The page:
Geographical variation of St. Lucia Parrot flight vocalizations

By:  and 



Parrots are vocal learners and many species of parrots are capable of learning new calls, even as adults. This capability gives parrots the potential to develop communication systems that can vary dramatically over space. St. Lucia Parrot (Amazona versicolor) flight vocalizations were examined for geographic variation between four different sites on the island of St. Lucia. Spectrographic cross-correlation analysis of a commonly used flight vocalization, the p-chow call, demonstrated quantitative differences between sites. Additionally, the similarity of p-chows decreased as the distance between sites increased. Flight call repertoires also differed among sites; parrots at the Des Bottes and Quilesse sites each used one flight call unique to those sites, while parrots at the Barre de L'Isle site used a flight call that Quilesse parrots gave only while perched. It is unclear whether the vocal variation changed clinally with distance, or whether there were discrete dialect boundaries as in a congener, the Yellow-naped Parrot (Amazona auropalliata, Wright 1996). The geographical scale over which the St. Lucia Parrot's vocal variation occurred was dramatically smaller than that of the Yellow-naped Parrot. Similar patterns of fine-scale vocal variation may be more widespread among other parrot species in the Caribbean than previously documented.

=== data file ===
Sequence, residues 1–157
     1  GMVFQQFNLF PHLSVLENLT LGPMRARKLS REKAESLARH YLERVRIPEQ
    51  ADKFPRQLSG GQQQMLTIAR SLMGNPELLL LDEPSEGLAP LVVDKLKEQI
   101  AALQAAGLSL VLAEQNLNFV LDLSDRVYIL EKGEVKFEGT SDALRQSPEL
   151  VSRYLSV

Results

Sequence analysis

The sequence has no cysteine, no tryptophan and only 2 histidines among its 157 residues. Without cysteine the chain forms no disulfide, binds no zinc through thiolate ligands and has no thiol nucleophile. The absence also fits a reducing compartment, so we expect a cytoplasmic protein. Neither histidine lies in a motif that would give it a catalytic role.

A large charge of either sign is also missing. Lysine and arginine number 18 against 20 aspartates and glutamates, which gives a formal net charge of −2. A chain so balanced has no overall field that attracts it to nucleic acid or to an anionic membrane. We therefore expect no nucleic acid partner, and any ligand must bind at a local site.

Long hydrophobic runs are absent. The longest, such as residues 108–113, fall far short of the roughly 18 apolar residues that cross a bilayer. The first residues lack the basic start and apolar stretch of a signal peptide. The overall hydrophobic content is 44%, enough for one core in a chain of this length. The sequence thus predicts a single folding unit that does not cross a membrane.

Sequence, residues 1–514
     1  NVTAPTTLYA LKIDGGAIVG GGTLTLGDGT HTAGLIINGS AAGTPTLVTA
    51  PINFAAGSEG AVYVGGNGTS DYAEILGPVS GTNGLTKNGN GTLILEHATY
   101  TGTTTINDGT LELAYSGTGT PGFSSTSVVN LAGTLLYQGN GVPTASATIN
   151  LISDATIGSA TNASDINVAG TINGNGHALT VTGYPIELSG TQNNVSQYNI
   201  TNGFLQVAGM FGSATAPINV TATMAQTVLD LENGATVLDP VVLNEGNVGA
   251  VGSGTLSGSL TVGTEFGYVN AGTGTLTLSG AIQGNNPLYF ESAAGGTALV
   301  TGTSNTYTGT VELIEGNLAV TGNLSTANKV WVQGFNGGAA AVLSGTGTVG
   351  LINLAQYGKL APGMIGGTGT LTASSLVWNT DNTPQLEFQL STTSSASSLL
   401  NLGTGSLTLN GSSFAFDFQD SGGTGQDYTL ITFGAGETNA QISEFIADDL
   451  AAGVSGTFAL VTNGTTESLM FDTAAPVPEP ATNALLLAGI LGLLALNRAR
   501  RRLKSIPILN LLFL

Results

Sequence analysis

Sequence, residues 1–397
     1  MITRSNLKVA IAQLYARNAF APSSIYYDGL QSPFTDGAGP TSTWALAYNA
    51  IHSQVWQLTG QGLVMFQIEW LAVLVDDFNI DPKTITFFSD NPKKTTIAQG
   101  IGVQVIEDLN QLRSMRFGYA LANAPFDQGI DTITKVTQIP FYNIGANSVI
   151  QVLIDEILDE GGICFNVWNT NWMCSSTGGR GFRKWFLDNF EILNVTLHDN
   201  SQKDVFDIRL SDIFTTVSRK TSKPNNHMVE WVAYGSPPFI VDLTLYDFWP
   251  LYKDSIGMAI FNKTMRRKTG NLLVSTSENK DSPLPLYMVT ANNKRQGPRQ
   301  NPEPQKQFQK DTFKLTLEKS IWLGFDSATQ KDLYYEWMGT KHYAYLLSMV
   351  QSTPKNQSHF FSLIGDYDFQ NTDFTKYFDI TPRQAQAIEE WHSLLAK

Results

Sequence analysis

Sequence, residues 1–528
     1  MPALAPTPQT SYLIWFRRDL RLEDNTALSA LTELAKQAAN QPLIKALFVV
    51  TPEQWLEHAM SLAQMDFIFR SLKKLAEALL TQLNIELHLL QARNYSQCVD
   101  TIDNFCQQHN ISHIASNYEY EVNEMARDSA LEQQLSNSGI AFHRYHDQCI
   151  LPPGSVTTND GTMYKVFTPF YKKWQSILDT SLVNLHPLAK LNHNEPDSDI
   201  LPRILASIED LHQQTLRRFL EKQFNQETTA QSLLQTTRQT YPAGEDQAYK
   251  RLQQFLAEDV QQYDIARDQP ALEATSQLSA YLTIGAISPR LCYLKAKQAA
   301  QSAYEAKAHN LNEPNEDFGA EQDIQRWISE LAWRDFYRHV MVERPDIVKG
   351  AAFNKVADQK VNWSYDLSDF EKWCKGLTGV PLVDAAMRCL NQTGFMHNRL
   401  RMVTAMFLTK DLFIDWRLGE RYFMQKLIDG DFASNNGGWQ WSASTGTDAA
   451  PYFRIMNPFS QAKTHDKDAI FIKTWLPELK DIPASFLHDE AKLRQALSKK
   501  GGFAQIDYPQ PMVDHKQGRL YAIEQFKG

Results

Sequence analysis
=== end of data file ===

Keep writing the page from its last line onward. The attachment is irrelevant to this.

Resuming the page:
Publication type Article
Publication Subtype Journal Article
Title Geographical variation of St. Lucia Parrot flight vocalizations
Series title Condor
DOI 10.1650/7568
Volume 107
Issue 1
Year Published 2005
Language English
Publisher Cooper Ornithological Society
Contributing office(s) Western Ecological Research Center
Description 7 p.
First page 62
Last page 68
Google Analytic Metrics Metrics page
Additional publication details